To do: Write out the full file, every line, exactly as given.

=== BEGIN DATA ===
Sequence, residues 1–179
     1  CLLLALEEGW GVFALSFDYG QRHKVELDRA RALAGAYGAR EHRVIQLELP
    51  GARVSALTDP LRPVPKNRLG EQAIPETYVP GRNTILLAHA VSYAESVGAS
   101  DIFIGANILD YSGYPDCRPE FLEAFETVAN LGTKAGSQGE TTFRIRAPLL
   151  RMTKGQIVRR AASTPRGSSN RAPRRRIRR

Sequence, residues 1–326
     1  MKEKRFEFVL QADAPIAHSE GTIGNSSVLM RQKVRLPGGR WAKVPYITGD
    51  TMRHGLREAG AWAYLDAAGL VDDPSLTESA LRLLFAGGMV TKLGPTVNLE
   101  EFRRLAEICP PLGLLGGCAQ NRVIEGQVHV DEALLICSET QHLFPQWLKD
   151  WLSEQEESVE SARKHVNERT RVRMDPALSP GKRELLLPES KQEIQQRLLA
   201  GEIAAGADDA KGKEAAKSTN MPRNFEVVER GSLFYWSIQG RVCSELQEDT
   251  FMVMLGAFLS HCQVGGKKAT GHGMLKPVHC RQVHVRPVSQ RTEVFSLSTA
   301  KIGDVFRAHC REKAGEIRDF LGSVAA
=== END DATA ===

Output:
Sequence, residues 1–179
     1  CLLLALEEGW GVFALSFDYG QRHKVELDRA RALAGAYGAR EHRVIQLELP
    51  GARVSALTDP LRPVPKNRLG EQAIPETYVP GRNTILLAHA VSYAESVGAS
   101  DIFIGANILD YSGYPDCRPE FLEAFETVAN LGTKAGSQGE TTFRIRAPLL
   151  RMTKGQIVRR AASTPRGSSN RAPRRRIRR

Sequence, residues 1–326
     1  MKEKRFEFVL QADAPIAHSE GTIGNSSVLM RQKVRLPGGR WAKVPYITGD
    51  TMRHGLREAG AWAYLDAAGL VDDPSLTESA LRLLFAGGMV TKLGPTVNLE
   101  EFRRLAEICP PLGLLGGCAQ NRVIEGQVHV DEALLICSET QHLFPQWLKD
   151  WLSEQEESVE SARKHVNERT RVRMDPALSP GKRELLLPES KQEIQQRLLA
   201  GEIAAGADDA KGKEAAKSTN MPRNFEVVER GSLFYWSIQG RVCSELQEDT
   251  FMVMLGAFLS HCQVGGKKAT GHGMLKPVHC RQVHVRPVSQ RTEVFSLSTA
   301  KIGDVFRAHC REKAGEIRDF LGSVAA